Priority Claims in Chapter 7 Bankruptcy

Bankruptcy law sets out the order in which creditors are paid and gives certain claims priority over others.

By , Attorney · University of the Pacific McGeorge School of Law

A priority claim is a debt the bankruptcy trustee will pay in full before paying less important nonpriority debts. For instance, suppose you filed for Chapter 7 bankruptcy, and the bankruptcy trustee appointed to your case sold one of your cars for $10,000. The trustee wouldn't divide the money equally between your creditors.

Instead, if you owed $4,000 for a domestic support obligation, $3,000 in income taxes, and $29,000 in credit card debt, the trustee would pay off the domestic support obligation and taxes because they would be priority claims. Anything left would go to the credit card company's nonpriority claim.

In this article, you'll learn which debts creditors and debtors can expect the bankruptcy trustee appointed to your case to pay in Chapters 7 and 13.

What Is a Bankruptcy Priority Claim?

When money is available to pay creditors in bankruptcy, creditors rarely fight between themselves, although it can happen. When bankruptcy funds are available, a creditor who would like payment starts the process by filing a "proof of claim" form with the bankruptcy court.

The completed proof of claim form tells the trustee how much the debtor owes and the type of claim involved. The creditor attaches evidence of the claim's validity, usually a copy of the contract.

The payment process goes smoothly because the trustee evaluates all claim forms before determining how to disperse the funds. The trustee then pays the "proof of claims" filed by creditors according to the priority claim payment law.

What Are the Priority Claim Categories?

The following lists the most common priority claims an individual filer can expect to encounter. Business bankruptcy filers might have more priority obligations and should consult with a bankruptcy lawyer.

All amounts apply to cases filed between April 1, 2022, and March 31, 2025.

  • Domestic support obligations. Child and spousal support fall into this category.
  • Administrative expenses. This category includes the costs, fees, and expenses of administering the bankruptcy case. Learn how bankruptcy trustees get paid.
  • Wage claims. Employee claims include wages, salaries, commission, vacation, severance, and sick leave. The claim is limited to $15,150 earned within 180 days of the bankruptcy filing date or within 180 days of the business closure if the business closed before filing for bankruptcy.
  • Employee benefit plan claims. These include amounts owed by an employer to an employee benefit plan. They have the same time and amount limitations as the wage claims and are only available when wage claim limits aren't exhausted. For example, an employee with a $15,150 wage claim couldn't receive additional funds to compensate for a benefit plan loss.
  • Grain farmer and fisherman claims. This specialized category includes claims by a grain farmer against a grain storage facility and claims by a fisherman for the proceeds from the sale of fish. The grain and fish claims are limited to $7,475 per individual.
  • Customer deposit claims. Claims for lease deposits or undelivered personal or household services are limited to $3,350 per claim. Examples include rental and home repair deposits and funds paid to a travel agency.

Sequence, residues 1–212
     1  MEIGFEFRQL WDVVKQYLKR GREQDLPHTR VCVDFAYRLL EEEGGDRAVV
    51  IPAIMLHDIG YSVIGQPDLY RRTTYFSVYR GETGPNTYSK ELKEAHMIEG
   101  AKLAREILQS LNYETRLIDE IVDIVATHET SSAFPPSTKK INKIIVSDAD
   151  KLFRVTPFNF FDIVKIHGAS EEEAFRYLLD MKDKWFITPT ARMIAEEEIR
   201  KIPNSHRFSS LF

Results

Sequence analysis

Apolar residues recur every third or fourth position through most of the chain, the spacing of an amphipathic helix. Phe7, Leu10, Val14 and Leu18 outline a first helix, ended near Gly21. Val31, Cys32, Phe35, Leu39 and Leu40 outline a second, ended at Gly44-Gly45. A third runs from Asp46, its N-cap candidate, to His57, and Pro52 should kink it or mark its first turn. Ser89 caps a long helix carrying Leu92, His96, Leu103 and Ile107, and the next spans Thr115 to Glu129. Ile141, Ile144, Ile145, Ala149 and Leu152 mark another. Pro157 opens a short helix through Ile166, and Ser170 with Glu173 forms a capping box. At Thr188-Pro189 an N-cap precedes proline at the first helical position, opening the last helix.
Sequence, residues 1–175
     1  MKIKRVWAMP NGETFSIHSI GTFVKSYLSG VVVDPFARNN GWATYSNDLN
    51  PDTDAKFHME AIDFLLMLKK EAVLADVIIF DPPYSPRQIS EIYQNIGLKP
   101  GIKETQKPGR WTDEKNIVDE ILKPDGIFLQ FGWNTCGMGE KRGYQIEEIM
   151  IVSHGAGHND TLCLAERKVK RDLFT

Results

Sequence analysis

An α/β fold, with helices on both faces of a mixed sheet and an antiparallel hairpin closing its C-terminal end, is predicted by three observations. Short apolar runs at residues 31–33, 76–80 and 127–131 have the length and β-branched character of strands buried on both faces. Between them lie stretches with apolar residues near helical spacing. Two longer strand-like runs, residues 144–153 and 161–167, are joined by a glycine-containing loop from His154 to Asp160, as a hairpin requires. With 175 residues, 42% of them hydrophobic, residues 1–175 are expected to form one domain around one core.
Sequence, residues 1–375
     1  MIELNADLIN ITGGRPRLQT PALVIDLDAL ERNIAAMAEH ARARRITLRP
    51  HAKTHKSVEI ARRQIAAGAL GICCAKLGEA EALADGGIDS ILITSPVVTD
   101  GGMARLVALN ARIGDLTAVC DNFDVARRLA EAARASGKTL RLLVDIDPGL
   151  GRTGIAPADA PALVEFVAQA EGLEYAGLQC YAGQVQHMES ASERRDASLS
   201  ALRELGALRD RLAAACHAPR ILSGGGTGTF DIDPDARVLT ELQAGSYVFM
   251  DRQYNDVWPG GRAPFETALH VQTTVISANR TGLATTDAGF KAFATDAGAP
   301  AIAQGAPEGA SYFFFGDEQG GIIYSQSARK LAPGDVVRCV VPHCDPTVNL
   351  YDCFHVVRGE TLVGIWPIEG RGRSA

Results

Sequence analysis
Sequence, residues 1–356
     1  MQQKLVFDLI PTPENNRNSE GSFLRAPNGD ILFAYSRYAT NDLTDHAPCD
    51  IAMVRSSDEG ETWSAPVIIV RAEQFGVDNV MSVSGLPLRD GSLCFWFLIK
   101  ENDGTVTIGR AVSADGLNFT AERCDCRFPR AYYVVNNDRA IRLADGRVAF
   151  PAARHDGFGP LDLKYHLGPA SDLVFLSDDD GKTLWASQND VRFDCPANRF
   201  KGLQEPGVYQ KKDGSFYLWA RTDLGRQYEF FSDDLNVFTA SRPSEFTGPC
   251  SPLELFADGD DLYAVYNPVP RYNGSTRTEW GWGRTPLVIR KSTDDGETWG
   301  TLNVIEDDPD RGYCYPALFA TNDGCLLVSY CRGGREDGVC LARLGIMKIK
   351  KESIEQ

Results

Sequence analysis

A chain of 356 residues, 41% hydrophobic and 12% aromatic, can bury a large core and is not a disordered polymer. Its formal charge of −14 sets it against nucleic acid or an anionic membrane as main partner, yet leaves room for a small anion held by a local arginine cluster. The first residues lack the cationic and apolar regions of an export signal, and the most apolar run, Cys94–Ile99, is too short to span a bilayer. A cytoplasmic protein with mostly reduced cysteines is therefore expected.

• Tax claims. These include income taxes owed within the three years before the bankruptcy filing. Learn more about tax debts in Chapter 7 bankruptcy.
  • DUI claims. These include judgments and monetary claims for personal injury and death due to driving a motor vehicle or boat while intoxicated due to alcohol, drugs, or another substance.

Paying Priority Claims in Chapter 7 and Chapter 13 Bankruptcy

In Chapter 7, most filers will pay priority debts after bankruptcy. In Chapter 13, you'll pay them off during the Chapter 13 case. Here are more details.

  • Chapter 7 bankruptcy. Some claims that fall into priority categories aren't "dischargeable" debts that are erased in bankruptcy. These debts include certain taxes and domestic support obligations. If these claims aren't paid in full in Chapter 7 bankruptcy, you'll continue to owe them after receiving your "discharge," the order that wipes out qualifying debt.
  • Chapter 13 bankruptcy. In this chapter, all priority claims must get paid in full through the plan. For instance, your plan payment will have to be sufficient to pay all of your back child support, taxes, and other priority claims. If the proposed payment won't cover these claims, the bankruptcy court won't confirm your Chapter 13 plan and will dismiss your bankruptcy case.

Navigating Your Bankruptcy Case

Bankruptcy is essentially a qualification process. The laws provide instructions for completing a 50- to 60-page bankruptcy petition, and because the rules apply to every case, you can't skip a step. We want to help.

Below is the bankruptcy form for this topic and other resources we think you'll enjoy. For more easy-to-understand articles, go to TheBankruptcySite.

More Bankruptcy Information

Bankruptcy Forms and Document Checklist

Schedule E/F: Creditors Who Have Unsecured Claims

Chapter 7 and 13 Bankruptcy Forms

Chapter 7 Bankruptcy Document Checklist

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We wholeheartedly encourage research and learning, but online articles can't address all bankruptcy issues or the facts of your case. The best way to protect your assets in bankruptcy is by hiring a local bankruptcy lawyer.

Updated April 23, 2022

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